Achilles Tendon

posted on 24 Mar 2015 14:41 by lisadogge
Overview
Achilles Tendon The Achilles tendon is the largest and strongest tendon in the body. It functions to help control the foot when walking and running. Ruptures of the Achilles tendon commonly occur in individuals in their 30s and 40s. This age group is affected because these patients are still quite active, but over time their tendons tend to become stiffer and gradually weaken. These ruptures usually occur when an athlete loads the Achilles in preparation to pushing off. This can occur when suddenly changing directions, starting to run, or preparing to jump. These ruptures occur because the calf muscle generates tremendous force through the Achilles tendon in the process of propelling the body. Patients will feel a sharp intense pain in the back of their heel. Patients often initially think that they were struck in the back of the heel and then realize that there was no one around them. After the injury, patients will have some swelling. If they can walk at all, it will be with a marked limp. It is very rare that a rupture of the Achilles is partial. However, a painful Achilles tendonitis or a partial rupture of the calf muscle (gastrocnemius) as it inserts into the Achilles can also cause pain in this area. The pain of an Achilles rupture can subside quickly and this injury may be misdiagnosed in the Emergency Department as a sprain. Important clues to the diagnosis are an inability to push off with the foot and a visible or palpable defect just above the heel bone in the back of the leg.

Causes
Common causes of an Achilles tendon rupture include the progression of or the final result of longstanding Achilles tendonitis or an overuse injury. An injury to the ankle or a direct blow to the Achilles tendon. As a result of a fall where an individual lands awkwardly or directly on the ankle. Laceration of the tendon. Weakness of the gastrocnemius or soleus muscles in people with existing Achilles tendonitis places increased stress on the tendon. Steroid use has been linked to tendon weakness. Certain systemic diseases have been associated with tendon weakness. A sudden deceleration or stopping motions that cause an acute traumatic injury of the ankle. Injection of steroids to the involved tendon or the excessive use of steroids has been known to weaken tendons and make them susceptible to rupture. Contraction of the calf muscles while the foot is dorsiflexed (pointed toward the head) and the lower leg is moving forward.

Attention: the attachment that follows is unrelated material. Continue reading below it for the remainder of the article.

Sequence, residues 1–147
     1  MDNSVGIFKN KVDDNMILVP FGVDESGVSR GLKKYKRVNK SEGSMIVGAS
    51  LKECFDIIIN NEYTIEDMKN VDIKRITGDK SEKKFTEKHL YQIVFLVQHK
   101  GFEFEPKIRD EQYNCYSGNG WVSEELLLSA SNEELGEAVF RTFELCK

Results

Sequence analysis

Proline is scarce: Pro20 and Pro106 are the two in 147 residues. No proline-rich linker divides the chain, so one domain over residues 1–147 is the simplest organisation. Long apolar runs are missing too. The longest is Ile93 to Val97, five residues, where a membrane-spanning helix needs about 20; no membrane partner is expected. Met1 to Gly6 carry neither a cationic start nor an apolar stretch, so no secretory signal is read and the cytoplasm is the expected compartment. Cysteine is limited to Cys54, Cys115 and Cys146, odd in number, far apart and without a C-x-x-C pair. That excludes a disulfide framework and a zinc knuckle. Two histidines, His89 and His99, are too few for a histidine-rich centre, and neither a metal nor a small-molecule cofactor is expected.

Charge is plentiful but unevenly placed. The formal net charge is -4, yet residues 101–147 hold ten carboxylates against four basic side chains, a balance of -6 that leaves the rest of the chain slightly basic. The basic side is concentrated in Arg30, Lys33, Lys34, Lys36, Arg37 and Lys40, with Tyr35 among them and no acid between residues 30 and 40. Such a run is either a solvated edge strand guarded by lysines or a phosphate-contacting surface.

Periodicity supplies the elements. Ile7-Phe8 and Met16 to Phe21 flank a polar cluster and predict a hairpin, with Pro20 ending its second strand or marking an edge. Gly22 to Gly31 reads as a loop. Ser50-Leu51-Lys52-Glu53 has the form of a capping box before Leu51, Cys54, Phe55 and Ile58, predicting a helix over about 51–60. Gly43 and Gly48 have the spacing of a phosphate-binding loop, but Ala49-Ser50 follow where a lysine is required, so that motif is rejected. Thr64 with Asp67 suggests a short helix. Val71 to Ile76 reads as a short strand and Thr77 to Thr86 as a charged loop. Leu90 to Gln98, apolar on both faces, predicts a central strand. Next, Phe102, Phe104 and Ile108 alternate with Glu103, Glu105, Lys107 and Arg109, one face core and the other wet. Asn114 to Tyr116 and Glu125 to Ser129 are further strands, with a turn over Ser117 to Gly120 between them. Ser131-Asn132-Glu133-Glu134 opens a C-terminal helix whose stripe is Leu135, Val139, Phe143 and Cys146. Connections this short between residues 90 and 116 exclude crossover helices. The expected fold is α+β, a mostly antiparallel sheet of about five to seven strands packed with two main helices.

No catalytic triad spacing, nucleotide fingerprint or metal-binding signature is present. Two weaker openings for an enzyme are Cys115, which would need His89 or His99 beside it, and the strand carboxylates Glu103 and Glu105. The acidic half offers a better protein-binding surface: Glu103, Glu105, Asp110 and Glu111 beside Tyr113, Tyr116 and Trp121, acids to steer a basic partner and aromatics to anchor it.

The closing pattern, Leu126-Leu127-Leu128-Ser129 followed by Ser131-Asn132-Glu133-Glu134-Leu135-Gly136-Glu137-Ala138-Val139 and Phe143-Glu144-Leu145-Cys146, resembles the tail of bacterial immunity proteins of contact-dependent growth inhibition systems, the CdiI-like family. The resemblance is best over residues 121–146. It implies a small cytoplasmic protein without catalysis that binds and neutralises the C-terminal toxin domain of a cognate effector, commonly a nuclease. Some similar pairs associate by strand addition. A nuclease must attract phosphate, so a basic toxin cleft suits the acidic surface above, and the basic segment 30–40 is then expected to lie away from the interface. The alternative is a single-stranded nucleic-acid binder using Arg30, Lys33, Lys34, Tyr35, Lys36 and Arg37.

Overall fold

Symptoms
The classic sign of an Achilles' tendon rupture is a short sharp pain in the Achilles' area, which is sometimes accompanied by a snapping sound as the tendon ruptures. The pain usually subsides relatively quickly into an aching sensation. Other signs that are likely to be present subsequent to a rupture are the inability to stand on tiptoe, inability to push the foot off the ground properly resulting in a flat footed walk. With complete tears it may be possible to feel the two ends of tendon where it has snapped, however swelling to the area may mean this is impossible.

Diagnosis
Laboratory studies usually are not necessary in evaluating and diagnosing an Achilles tendon rupture or injury, although evaluation may help to rule out some of the other possibilities in the differential diagnosis. Plain radiography. Radiographs are more useful for ruling out other injuries than for ruling in Achilles tendon ruptures. Ultrasonography of the leg and thigh can help to evaluate the possibility of deep venous thrombosis and also can be used to rule out a Baker cyst, in experienced hands, ultrasonography can identify a ruptured Achilles tendon or the signs of tendinosis. Magnetic resonance imaging (MRI). MRI can facilitate definitive diagnosis of a disrupted tendon and can be used to distinguish between paratenonitis, tendinosis, and bursitis.

Non Surgical Treatment
The other option is to allow your tendon to heal without surgery. In this case, you also need to wear a cast, splint, walking boot, or brace for 6-8 weeks. You also may have different exercises to do. If you are less active or have a chronic illness that prevents surgery, this option may be better for you. Achilles Tendonitis

Surgical Treatment
The goal of surgery is to realign the two ends of the ruptured tendon to allow healing. There are multiple techniques to accomplish this goal that will vary from surgeon to surgeon. Recovery from this injury is usually very successful with return to full function in approximately 6 months. Post operatively casting is required with the use of crutches or other means to remain non-weightbearing for 4-8 weeks. This is followed by a course of physical therapy. Partial rupture may or may not require surgical intervention depending on the extent of injury but cast immobilization is a common requirement.

Prevention
Good flexibility of the calf muscles plays an essential role in the prevention of Achilles tendon injuries. It is also important to include balance and stability work as part of the training programme. This should include work for the deep-seated abdominal muscles and for the muscles that control the hip. This might at first appear odd, given the fact that the Achilles are a good distance from these areas, but developing strength and control in this area (core stability) can boost control at the knee and ankle joints. Training errors should be avoided. The volume, intensity and frequency of training should be monitored carefully, and gradually progressed, particularly when introducing new modes of training to the programme. Abrupt changes in training load are the primary cause of Achilles tendinopathy.